The First Western Book on Buddhism and Buddha
Wil (Switzerland) / Paris: UniversityMedia, 2017. 308 pages. ISBN 978-3-906000-27-5.
Though already the ancient Greeks received scant information about a religion that we now identify as Buddhism, its real discovery by Westerners began in 16th century Japan. But Western ideas about Buddhism remained quite confused until its sacred texts began to be translated and studied. Ozeray’s book appeared in 1817, just before such study began, and marks an important watershed in the Western discovery of Buddhism. Ozeray realized that founder Buddha was not a mythological figure but a historical person, and he described living Buddhism based not on missionary reports but on accounts by ambassadors, researchers and travelers.
Recherches sur Buddou ou Bouddou by Jean-Michel-François Ozeray was published exactly 200 years prior to our publication, in 1817. It is a work that broke new ground in many ways, most importantly by being the first ever Western book on Buddhism. Presented in the original French with Urs App’s English translation on facing pages, this book is an important milestone in the history of the Western discovery of Buddhism.
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Although the Western encounter with Asia’s largest religion may be the vastest and most consequential spiritual encounter in human history, its protagonists and historical development are still barely known. Thus it comes as no surprise that even specialists have hitherto failed to appreciate the earliest Western book about Buddhism: Michel-Jean-François Ozeray’s Recherches sur Buddou ou Bouddou, instituteur religieux de l’Asie orientale (Paris, 1817). To commemorate Ozeray’s pioneering work on the 200th anniversary of its publication, it is here presented in the original French with Urs App’s English translation on facing pages.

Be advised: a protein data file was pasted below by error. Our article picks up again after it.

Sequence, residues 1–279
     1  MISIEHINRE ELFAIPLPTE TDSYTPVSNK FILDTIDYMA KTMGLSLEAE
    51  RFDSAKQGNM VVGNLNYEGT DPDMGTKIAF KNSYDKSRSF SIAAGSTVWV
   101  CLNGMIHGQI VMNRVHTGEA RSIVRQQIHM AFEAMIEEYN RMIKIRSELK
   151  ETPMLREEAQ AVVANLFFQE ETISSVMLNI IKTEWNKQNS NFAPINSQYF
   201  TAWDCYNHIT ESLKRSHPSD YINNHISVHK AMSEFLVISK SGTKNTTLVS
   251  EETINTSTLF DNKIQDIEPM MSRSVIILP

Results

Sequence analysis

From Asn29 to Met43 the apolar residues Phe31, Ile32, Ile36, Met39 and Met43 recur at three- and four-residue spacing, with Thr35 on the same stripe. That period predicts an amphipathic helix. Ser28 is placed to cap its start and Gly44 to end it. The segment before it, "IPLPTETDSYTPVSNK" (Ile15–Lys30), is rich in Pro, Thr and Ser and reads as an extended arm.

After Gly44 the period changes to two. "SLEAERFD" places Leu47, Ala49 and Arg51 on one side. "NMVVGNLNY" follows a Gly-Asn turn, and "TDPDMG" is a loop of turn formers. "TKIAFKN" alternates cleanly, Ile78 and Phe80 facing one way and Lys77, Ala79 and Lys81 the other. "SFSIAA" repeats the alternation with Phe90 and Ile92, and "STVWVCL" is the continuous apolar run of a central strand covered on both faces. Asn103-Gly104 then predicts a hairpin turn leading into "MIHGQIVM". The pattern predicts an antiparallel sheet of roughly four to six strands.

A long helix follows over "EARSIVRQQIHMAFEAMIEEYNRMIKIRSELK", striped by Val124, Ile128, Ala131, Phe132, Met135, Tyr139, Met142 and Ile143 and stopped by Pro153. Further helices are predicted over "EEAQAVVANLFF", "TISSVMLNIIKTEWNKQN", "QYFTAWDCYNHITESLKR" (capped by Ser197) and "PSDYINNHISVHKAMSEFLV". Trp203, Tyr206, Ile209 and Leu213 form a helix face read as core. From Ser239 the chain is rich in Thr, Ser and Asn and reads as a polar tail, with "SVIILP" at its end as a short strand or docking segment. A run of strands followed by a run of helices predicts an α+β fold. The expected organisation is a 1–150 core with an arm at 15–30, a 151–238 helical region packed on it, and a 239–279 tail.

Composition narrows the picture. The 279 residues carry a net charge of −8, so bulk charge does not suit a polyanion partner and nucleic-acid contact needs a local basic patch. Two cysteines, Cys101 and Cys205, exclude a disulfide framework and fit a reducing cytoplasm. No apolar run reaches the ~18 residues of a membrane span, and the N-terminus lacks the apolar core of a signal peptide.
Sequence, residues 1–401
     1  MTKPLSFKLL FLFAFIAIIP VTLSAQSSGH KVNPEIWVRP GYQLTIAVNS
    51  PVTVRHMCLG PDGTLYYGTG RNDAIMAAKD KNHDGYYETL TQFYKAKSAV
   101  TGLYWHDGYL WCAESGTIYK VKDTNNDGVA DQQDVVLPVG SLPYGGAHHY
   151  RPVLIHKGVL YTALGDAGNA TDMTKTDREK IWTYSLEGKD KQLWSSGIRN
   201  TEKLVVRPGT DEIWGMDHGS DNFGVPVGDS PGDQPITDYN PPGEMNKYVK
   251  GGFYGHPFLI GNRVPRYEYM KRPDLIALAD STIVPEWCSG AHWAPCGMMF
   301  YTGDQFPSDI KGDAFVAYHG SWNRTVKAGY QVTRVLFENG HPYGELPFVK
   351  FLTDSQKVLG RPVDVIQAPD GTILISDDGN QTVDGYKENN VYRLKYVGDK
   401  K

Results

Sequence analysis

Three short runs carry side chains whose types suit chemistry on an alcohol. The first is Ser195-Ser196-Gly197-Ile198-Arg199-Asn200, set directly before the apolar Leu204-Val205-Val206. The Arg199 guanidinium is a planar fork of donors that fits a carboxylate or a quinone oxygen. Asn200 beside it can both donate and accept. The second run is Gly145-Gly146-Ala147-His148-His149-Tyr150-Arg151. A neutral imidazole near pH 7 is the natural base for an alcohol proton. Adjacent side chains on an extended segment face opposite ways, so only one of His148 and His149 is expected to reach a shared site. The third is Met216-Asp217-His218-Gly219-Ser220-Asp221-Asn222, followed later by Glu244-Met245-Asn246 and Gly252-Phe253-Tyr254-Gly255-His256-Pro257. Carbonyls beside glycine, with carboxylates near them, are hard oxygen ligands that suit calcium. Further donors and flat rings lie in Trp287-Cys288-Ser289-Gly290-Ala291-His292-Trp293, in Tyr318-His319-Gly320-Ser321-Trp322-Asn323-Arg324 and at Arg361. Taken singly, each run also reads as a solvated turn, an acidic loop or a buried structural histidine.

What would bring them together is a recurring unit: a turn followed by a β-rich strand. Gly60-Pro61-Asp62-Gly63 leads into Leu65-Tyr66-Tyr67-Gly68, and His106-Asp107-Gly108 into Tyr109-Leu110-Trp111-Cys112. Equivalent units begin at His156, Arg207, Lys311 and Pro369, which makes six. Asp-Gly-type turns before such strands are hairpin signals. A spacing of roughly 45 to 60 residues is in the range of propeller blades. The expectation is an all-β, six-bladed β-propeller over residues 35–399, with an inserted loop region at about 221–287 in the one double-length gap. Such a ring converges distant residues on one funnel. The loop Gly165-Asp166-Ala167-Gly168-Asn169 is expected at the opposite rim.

In his 73-page introduction App, the prize-winning author of books on the Western discovery of Asian religions, presents and analyzes Ozeray’s view of Buddhism and its founder. Tracing the author’s main sources, he explains why his book deserves to be recognized as a pioneering contribution to Western knowledge about Buddhism and to global-scale comparative religion. Published just before the onset of academic research on Buddhism in Europe, Ozeray’s work relied not on Christian missionary literature or romantic speculation but rather on figurative representations and reports furnished by ambassadors, travelers, and long-time residents in Asian countries. Due to its focus on living Buddhism as practised in numerous Asian countries, Ozeray’s pioneering study is—in spite of its inevitable flaws—in many respects more congruent with modern field work than the majority of popular books on Buddhism that bend the spiritualism and esotericism shelves in today’s bookstores.